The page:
Cycle News - Archive Issues - 2000's

Cycle News 2001 10 10

Cycle News is a weekly magazine that covers all aspects of motorcycling including Supercross, Motocross and MotoGP as well as new motorcycles

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Page 126 of 127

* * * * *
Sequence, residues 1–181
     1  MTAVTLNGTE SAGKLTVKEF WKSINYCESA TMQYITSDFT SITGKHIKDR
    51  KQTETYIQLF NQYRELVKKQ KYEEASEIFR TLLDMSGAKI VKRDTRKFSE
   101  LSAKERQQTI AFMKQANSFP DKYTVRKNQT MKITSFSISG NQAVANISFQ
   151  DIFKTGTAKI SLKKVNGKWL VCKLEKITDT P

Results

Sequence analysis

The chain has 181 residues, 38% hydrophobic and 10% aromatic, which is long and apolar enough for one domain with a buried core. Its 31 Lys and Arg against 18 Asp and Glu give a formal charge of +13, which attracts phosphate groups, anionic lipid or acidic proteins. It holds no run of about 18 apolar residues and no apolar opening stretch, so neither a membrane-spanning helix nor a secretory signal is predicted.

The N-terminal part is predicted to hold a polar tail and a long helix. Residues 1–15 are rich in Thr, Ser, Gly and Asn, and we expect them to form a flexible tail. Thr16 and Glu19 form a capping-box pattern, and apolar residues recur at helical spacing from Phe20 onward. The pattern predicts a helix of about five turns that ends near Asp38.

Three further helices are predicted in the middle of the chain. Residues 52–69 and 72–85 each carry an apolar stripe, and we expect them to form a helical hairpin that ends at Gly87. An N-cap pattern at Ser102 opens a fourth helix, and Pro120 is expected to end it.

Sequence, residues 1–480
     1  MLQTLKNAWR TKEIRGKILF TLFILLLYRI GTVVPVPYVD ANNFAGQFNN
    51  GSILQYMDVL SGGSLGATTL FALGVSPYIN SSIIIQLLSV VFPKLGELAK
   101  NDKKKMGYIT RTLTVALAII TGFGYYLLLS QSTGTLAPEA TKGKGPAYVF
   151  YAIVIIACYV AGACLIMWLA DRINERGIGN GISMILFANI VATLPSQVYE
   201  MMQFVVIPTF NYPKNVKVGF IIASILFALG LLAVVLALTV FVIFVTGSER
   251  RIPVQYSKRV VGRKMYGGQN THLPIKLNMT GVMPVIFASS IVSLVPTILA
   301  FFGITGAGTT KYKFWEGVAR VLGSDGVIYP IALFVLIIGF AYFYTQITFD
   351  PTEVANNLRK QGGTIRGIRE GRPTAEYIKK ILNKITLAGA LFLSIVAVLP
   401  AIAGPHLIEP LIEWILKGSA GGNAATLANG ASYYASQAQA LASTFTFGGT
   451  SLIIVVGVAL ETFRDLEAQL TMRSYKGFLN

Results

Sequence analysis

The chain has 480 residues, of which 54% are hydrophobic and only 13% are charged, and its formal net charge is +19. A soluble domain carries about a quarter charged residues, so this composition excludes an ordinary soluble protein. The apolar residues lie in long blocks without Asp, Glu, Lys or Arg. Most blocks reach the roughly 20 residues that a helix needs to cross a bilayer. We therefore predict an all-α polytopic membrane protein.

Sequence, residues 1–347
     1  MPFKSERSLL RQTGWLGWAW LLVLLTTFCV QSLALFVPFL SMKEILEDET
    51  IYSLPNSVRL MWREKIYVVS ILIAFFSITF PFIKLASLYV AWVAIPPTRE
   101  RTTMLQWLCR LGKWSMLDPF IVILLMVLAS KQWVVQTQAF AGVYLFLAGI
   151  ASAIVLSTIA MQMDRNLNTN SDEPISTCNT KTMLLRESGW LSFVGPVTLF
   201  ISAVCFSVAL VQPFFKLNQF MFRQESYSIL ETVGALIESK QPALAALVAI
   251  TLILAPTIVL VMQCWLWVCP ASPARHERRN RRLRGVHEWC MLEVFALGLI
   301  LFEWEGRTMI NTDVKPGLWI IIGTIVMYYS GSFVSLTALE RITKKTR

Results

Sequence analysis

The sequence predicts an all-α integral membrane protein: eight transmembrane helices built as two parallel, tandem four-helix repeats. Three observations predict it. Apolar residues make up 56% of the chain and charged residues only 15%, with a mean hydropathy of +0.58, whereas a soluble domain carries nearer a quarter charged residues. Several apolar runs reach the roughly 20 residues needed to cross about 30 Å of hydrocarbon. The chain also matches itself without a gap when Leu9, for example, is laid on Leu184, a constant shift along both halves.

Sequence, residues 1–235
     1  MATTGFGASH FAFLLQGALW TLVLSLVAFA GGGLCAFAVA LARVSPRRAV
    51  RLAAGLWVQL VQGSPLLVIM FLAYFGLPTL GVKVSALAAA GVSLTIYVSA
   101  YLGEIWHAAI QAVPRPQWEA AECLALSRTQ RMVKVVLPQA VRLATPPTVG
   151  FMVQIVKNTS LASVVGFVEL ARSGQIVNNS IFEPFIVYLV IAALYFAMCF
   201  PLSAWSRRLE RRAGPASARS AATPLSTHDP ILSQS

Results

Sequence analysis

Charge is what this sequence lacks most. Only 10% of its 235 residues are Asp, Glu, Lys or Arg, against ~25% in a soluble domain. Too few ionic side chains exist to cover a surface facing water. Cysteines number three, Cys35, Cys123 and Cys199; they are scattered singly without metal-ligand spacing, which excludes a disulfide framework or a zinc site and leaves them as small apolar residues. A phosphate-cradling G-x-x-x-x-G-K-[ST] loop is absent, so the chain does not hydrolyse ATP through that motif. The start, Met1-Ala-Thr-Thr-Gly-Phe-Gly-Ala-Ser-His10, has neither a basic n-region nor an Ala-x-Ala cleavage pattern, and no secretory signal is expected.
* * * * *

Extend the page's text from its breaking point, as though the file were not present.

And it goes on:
With all the important street bikes that are always on display at Milan. sometimes the dirtoriented machines can slip through the cracks. Allowing that to happen would be a serious mistake, as there are invariably several unique and newsworthy dirt bikes that get unveiled. Here is a brief synopsis of some of the more interesting off-road machines that were to be found in Milan. D Following the lead of Yamaha and its lauded 250F four-stroke models, several European manufacturers are IAbovel A blue MY? The production _rsIon of the F4 SPR sportblke was on display along with a k1tted-up version featuring varlous MY Agusta aftermarket parts that are now available. !Belowl The Honda RC51-engined Mondlal PIega Superblke is allegedly ready to go into production In December with the first 150 units slated for assembly in the company's fac:toIy near Monza. Company .....resentatives say the bike will be ready for homologation for World Superl)lke racing In 2002. introducing quarter-liter thumper machines themselves. KTM has been racing one at the World Championship Enduro level, and Husqvarna debuted a 250cc four-stroke at the recent ISDE (American Fred Hoess raced one). Like Hoess' bike, this TC250 motocross version features an electric starter (and no kickstart lever). and like Yamaha's YZF, it is legal in the 125cc twostroke class. Makes one wonder if it's got Steve Lamson's name on it... Here's another Italian 250cc four-stroke motocrosser, this one from VOR, which recently opened up an American office near San Diego, Califomia (they're in the same buildling as Italian plastic manufacturer Acerbis' U.S. importer). Noteworthy trickery includes the aluminum fuel tank, perimeter frame and bizarre forward-swinging kickstart lever. firms Suzuki's leading position in large-capacity urban transport - the company was the first to produce a maxi-scooter, in 1999 - and it's sure- ly only a matter of time before this transmission technology appears on a motorcycle. Maybe they should talk to Italjet. Kawasaki presented no completely new models at Milan, but concentrated instead on detail improvements to Hs existing range, headed by a revamped version of the ZX- 12R with more than 140 changes, with a restyled frontal appearance and various engine modifications, including a heavier flywheel giving 20-percent more inertia for a smoother pickup, and a remapped EFI. The stiffer chassis has revised steering geometry, with a wider 25-degree fork angle and reduced 28mm offset on the revised front suspension, to give more trail all aimed at enhancing stability, while the rear swingarm has a revised link for the Uni-Trak rear end. The IX-9R has also been improved, this time with more than 130 detail changes, with a 10-percent heavier crank and various chassis modifications, including a swap to four-piston brake calipers from sixpiston ones. Still no fuel injection on this model, though, nor on the new Speaking of electric starters, check out this aftermarket system that was spied on a Yamaha YZF model by our photographer at Milan. Honestly, we don't know much about the unit, other than the fact that it's apparently made by a company called Ramirez, and it doesn't exactly blend in with the stock motor's lines. 636cc version of the IX-6R, which is essentially unchanged apart from a 2mm overbore compared to the existing 599cc model which will continue to be produced for sale in the USA, thus making it eligible for worldwide Supersport competition - just as well, Here's a Vertemati that looks pretty much like bikes we've seen in the past from that Italian manufacturer of extremely trick four-stroke dirt bikes, except for the "450" sticker on the swingarm. The bike is no doubt a response to the AMA's rules limiting four-stroke d1isplacement to 450cc in the 250cc two-stroke class. since it appears set to wrap up the AMA Supersport 600cc title this season and has a shot at clinching the World crown. The extra 37cc is aimed at enhancing torque and rideability this on the bike which was already the most user-friendly in real-world road riding conditions - rather than outright power, and is a fascinating step given current efforts by the FIM and series promoters Octagon to allow a 10-percent capacity hike for exactly the same reasons to fourcylinder 750cc machines taking part in the World Superbike Championship. Sounds like an 820cc IX- 7R would soon be on the cards, if (when?) that happens: maybe in Munich, a year from now. _ Now that didn't take long: With Honda's much-anticipated CRF450R four-stroke motocrosser barely off the assembly line, the Japanese manufacturer's European importers are already tinkering with it. This motard version is extremely clean, especially considering how little time was available to come up with it.

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